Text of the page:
Ken Starr: Not Enough Evidence for Trump Obstruction Case

Posted June 16, 2017

Borrowing some presidential campaign rhetoric, Trump called Hillary Clinton crooked and said she "destroyed phones" with a hammer and "bleached emails".

Starr, whose own investigation lead to the impeachment of Clinton in 1998, explained there is an extraordinarily high bar for proving obstruction of justice.

In a second tweet a few minutes later, the president once again called the Russian Federation investigation a "witch hunt" and called the people leading it "very bad", apparently a reference to Mueller and others at the FBI.

The Washington Post reported late Wednesday that special counsel Robert Mueller is seeking interviews with three Trump administration officials who weren't involved in Trump's campaign.

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The Post reports Robert Mueller, the special counsel appointed to oversee the investigation into Russian meddling in the U.S. election, has launched a probe into Mr Trump himself.

He also brought up Hillary Clinton's use of a private email server and questioned whether her actions amounted to obstruction of justice. The obstruction investigation began just days after the president abruptly fired former FBI Director James Comey, according to the newspaper.

Comey told the Senate hearing that he believed he was dismissed by Trump because he did not stop the FBI's investigation into Flynn.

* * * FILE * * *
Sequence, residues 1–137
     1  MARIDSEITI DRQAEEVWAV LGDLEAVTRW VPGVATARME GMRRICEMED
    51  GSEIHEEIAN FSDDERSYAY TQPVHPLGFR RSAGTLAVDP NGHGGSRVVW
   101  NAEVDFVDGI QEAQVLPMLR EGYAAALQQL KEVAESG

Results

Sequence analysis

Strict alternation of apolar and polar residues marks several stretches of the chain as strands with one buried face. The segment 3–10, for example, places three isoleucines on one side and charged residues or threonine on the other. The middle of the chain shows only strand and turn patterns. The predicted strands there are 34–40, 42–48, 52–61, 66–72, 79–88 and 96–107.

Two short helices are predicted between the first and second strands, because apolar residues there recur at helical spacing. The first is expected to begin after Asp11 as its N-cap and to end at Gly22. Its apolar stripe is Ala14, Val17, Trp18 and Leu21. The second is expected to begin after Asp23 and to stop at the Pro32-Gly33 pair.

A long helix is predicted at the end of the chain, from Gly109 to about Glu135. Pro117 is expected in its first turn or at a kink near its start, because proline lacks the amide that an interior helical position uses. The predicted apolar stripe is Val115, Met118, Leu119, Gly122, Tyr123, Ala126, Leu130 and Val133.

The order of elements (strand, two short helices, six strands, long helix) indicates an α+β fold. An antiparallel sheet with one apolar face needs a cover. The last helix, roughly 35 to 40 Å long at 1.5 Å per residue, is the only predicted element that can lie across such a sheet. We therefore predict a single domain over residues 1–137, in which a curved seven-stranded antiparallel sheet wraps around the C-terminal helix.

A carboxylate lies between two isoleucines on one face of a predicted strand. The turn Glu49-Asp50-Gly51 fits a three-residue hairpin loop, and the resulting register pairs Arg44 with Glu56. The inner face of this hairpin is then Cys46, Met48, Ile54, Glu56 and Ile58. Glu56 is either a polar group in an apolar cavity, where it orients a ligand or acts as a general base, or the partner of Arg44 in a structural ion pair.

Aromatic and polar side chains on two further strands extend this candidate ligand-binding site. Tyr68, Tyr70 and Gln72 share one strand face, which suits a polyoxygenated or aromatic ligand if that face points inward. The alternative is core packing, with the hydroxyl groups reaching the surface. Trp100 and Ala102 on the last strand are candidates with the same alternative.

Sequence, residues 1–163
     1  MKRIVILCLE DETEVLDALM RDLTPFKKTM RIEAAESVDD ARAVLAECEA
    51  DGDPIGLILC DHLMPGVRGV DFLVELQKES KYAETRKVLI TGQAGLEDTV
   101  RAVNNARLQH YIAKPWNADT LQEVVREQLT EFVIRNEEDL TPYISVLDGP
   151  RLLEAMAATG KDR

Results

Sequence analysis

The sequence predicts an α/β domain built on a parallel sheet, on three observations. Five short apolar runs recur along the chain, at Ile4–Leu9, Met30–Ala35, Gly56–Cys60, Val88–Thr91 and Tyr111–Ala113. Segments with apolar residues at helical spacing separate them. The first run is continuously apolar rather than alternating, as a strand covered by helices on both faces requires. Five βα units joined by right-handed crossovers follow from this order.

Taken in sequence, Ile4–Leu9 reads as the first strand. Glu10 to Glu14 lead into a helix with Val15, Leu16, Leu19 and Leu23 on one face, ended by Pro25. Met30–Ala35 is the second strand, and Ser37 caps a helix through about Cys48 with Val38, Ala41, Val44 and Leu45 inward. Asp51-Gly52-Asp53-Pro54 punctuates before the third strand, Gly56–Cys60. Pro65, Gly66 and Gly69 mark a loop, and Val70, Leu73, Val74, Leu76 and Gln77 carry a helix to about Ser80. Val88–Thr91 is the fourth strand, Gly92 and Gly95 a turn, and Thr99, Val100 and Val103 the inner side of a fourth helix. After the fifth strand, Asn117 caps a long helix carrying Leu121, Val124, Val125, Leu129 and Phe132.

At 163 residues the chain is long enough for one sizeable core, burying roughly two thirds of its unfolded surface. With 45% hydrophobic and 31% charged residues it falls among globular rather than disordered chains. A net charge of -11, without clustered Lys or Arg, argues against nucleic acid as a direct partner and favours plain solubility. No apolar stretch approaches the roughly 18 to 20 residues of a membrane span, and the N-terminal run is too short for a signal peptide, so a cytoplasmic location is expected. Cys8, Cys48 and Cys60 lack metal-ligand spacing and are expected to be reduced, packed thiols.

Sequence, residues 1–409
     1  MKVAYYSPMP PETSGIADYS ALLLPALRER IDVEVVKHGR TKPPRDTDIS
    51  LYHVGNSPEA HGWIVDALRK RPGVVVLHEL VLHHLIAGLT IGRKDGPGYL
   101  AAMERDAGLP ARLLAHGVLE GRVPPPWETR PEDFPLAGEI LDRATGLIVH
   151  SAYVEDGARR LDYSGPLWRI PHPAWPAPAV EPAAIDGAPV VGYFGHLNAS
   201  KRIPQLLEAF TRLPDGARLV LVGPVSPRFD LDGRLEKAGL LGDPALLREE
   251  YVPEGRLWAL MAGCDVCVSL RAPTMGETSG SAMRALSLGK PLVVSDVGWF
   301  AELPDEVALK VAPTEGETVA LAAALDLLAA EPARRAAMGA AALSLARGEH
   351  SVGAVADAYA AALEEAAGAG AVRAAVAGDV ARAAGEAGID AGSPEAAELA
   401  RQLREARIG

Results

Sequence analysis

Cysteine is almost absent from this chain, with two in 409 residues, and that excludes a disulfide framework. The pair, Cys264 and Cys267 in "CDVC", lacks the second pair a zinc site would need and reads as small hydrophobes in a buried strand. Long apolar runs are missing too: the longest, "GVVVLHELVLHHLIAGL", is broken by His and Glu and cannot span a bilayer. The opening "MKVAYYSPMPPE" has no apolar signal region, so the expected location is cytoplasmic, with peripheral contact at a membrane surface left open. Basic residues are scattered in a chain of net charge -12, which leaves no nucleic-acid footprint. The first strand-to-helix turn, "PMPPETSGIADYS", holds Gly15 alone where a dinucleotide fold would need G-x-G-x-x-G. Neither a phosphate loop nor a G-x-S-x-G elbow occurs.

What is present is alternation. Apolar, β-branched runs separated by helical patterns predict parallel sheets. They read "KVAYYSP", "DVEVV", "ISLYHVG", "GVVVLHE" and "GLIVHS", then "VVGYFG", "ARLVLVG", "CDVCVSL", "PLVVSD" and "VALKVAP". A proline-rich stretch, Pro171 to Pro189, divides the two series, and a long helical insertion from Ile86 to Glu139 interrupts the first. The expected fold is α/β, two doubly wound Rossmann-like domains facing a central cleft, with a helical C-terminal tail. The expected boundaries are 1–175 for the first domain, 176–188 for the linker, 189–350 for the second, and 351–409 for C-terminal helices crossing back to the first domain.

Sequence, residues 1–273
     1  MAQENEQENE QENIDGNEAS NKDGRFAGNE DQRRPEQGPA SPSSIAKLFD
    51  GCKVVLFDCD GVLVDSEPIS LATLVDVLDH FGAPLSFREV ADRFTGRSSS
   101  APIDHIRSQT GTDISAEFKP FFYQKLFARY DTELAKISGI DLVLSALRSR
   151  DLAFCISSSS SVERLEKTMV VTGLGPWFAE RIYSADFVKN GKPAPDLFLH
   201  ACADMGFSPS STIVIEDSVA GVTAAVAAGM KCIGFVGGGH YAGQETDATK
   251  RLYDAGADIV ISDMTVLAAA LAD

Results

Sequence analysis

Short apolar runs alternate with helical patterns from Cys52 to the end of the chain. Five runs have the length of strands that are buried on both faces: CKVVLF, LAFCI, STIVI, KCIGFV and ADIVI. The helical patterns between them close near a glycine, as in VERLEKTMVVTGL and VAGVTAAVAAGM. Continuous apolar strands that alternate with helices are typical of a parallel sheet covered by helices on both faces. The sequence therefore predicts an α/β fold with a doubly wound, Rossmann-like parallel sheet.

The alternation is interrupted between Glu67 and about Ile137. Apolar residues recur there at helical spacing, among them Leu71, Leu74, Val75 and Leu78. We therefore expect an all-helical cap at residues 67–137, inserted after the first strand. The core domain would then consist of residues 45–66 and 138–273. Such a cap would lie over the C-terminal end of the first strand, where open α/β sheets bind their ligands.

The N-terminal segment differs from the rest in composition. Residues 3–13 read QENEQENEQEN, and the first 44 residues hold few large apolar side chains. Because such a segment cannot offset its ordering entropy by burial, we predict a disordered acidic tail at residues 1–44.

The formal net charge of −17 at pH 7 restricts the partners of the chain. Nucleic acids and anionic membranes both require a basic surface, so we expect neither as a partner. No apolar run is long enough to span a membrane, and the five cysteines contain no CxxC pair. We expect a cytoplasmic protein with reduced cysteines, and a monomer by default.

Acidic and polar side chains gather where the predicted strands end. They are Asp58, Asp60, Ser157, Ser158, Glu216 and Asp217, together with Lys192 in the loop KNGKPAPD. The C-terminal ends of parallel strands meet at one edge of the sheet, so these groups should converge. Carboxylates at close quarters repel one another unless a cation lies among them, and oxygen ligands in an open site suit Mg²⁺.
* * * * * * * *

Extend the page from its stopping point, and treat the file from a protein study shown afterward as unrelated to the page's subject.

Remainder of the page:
Together, the requests from Mueller suggest new scrutiny on whether the president tried to influence the Russian Federation investigation through conversations he had with Comey, whom he ultimately fired, or with other officials.

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Starr also argued on Thursday that Attorney General Jeff Sessions was "on very solid constitutional ground" when he said he had to protect the "president's privilege" when it comes to revealing conversations publicly.

The reports, released past year, say Clinton destroyed her used phones on at least two occasions while serving as secretary of state, also that she used the "BleachBit' software to delete some of her mails".

The probe into Trump was sparked in part by the sudden dismissal of FBI Director James Comey.

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